World’s 26 richest own same as poorest half of humanity: Oxfam

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A night view shows a congress centre (L), the venue of the upcoming World Economic Forum (WEF) in the Swiss mountain resort of Davos, Switzerland, January 20, 2019. (REUTERS)
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A person passes by a World Economic Forum logo in Davos, Switzerland, January 20, 2019. (REUTERS)
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People are seen in a congress center ahead of the World Economic Forum in Davos, Switzerland, January 20, 2019. (REUTERS)
Updated 21 January 2019

World’s 26 richest own same as poorest half of humanity: Oxfam

  • Oxfam warned that governments were exacerbating inequality by increasingly underfunding public services like health care and education at the same time as they consistently under-tax the wealthy

DAVOS, Switzerland: The world’s 26 richest people own the same wealth as the poorest half of humanity, Oxfam said Monday, urging governments to hike taxes on the wealthy to fight soaring inequality.
A new report from the charity, published ahead of the World Economic Forum in Davos, also found that billionaires around the world saw their combined fortunes grow by $2.5 billion each day in 2018.
The world’s richest man, Amazon CEO Jeff Bezos, saw his fortune increase to $112 billion last year, Oxfam said, pointing out that just one percent of his wealth was the equivalent to the entire health budget of Ethiopia, a country of 105 million people.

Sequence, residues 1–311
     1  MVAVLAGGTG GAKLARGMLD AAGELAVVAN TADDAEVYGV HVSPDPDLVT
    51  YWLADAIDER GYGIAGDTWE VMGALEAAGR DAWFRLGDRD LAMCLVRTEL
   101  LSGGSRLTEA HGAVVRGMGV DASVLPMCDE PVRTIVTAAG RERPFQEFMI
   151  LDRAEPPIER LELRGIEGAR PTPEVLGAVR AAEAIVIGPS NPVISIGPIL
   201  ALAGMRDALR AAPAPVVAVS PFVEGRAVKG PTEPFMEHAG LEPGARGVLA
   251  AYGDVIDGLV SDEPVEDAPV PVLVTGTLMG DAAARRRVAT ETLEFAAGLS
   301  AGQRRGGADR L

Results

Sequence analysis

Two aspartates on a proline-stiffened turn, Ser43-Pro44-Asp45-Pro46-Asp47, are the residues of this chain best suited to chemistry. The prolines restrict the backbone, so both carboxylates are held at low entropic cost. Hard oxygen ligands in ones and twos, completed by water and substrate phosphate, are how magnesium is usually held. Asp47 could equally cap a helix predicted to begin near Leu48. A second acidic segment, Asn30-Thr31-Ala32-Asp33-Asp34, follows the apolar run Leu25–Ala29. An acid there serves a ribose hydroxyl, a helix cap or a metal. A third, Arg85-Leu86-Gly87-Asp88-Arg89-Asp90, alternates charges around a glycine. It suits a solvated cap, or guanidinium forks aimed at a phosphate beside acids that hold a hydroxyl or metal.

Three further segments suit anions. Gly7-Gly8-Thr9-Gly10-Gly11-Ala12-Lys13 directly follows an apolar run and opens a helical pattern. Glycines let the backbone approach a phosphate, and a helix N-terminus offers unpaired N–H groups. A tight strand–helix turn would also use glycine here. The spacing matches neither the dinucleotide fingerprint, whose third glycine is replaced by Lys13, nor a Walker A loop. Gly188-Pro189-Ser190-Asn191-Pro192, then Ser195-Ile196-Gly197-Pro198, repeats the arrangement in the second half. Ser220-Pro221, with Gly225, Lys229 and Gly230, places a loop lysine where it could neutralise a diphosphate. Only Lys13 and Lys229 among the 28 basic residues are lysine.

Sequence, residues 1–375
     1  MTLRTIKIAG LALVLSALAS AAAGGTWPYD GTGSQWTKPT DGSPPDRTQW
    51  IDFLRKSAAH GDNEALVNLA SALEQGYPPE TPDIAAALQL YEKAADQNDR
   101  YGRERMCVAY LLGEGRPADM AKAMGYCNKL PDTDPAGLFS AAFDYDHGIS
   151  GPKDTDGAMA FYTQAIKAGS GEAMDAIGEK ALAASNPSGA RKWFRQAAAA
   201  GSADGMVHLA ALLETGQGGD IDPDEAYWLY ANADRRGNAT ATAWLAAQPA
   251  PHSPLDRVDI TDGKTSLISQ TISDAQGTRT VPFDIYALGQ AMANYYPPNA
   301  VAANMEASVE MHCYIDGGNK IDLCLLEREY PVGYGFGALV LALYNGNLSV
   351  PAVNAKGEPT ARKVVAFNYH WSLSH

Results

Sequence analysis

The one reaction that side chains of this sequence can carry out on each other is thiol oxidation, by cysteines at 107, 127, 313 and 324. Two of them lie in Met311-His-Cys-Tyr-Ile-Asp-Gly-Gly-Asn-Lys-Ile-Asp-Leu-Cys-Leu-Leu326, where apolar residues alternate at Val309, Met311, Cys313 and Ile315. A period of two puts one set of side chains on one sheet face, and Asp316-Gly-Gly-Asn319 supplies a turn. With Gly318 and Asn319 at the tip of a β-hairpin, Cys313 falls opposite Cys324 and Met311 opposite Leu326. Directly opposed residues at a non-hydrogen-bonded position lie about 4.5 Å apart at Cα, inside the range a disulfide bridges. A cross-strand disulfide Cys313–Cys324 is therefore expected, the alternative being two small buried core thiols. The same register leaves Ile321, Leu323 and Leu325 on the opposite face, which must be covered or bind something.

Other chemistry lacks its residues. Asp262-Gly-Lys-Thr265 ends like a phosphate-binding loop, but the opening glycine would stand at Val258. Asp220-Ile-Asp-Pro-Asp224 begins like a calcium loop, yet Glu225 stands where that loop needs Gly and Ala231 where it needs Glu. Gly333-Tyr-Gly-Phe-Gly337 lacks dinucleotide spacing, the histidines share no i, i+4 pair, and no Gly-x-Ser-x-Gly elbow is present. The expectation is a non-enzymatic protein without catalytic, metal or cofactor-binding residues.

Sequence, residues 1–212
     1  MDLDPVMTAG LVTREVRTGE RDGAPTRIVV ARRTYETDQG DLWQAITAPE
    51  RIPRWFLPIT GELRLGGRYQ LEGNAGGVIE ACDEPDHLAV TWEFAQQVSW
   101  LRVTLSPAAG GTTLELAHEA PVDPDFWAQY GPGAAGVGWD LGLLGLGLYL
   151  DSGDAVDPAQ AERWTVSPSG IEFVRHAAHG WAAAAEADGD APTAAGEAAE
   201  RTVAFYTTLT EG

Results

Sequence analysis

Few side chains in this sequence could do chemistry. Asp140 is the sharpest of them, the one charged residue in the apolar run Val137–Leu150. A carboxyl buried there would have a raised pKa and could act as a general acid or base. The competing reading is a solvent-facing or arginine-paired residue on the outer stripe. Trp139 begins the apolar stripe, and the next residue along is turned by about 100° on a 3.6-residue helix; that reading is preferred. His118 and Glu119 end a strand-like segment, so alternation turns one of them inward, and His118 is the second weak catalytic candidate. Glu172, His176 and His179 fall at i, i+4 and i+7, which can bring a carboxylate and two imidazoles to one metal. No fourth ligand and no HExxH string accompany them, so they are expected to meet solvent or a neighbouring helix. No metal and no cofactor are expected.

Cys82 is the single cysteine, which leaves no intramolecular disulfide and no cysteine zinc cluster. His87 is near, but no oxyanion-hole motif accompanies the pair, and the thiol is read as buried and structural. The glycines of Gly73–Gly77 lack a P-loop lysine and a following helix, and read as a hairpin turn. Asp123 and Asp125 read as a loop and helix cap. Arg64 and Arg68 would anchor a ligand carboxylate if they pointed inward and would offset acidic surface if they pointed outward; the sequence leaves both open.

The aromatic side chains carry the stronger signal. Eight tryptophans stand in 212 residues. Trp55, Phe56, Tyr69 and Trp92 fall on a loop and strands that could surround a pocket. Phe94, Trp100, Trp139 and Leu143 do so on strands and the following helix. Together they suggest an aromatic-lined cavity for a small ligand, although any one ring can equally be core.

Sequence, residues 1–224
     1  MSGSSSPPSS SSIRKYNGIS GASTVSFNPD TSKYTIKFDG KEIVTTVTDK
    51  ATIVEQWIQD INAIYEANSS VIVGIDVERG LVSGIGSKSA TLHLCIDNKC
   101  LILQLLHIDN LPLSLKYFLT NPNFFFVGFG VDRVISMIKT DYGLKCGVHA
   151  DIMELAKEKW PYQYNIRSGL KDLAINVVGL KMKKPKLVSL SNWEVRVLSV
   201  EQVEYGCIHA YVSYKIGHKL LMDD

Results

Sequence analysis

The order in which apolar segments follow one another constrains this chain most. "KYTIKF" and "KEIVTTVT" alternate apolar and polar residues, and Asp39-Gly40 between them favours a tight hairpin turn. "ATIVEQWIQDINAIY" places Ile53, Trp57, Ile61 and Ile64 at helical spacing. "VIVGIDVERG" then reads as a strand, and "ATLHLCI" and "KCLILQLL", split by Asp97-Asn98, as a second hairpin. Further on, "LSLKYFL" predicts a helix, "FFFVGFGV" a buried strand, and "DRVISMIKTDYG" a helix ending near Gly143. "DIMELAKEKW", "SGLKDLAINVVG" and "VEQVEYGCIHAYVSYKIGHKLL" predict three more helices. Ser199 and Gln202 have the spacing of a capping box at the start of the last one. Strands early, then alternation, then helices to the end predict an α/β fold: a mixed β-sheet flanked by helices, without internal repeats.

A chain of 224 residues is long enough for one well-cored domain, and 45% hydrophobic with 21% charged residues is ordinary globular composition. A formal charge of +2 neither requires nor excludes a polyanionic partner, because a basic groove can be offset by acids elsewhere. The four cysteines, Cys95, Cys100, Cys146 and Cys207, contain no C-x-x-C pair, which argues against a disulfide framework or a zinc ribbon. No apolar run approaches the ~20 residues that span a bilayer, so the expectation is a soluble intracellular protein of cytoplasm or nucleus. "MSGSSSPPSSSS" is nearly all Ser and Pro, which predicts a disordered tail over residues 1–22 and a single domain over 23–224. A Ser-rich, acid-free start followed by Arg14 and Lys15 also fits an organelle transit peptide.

The 3.8 billion people at the bottom of the scale meanwhile saw their wealth decline by 11 percent last year, Oxfam said, stressing that the growing gap between rich and poor was undermining the fight against poverty, damaging economies and fueling public anger.
“People across the globe are angry and frustrated,” warned Oxfam executive director Winnie Byanyima in a statement.
The numbers are stark: Between 1980 and 2016, the poorest half of humanity pocketed just 12 cents on each dollar of global income growth, compared with the 27 cents captured by the top one percent, the report found.


Oxfam warned that governments were exacerbating inequality by increasingly underfunding public services like health care and education at the same time as they consistently under-tax the wealthy.
Calls for hiking rates on the wealthy have multiplied amid growing popular outrage in a number of countries over swelling inequality.
In the United States, new congresswoman Alexandria Ocasio-Cortez made headlines earlier this month by proposing to tax the ultra-rich up to 70 percent.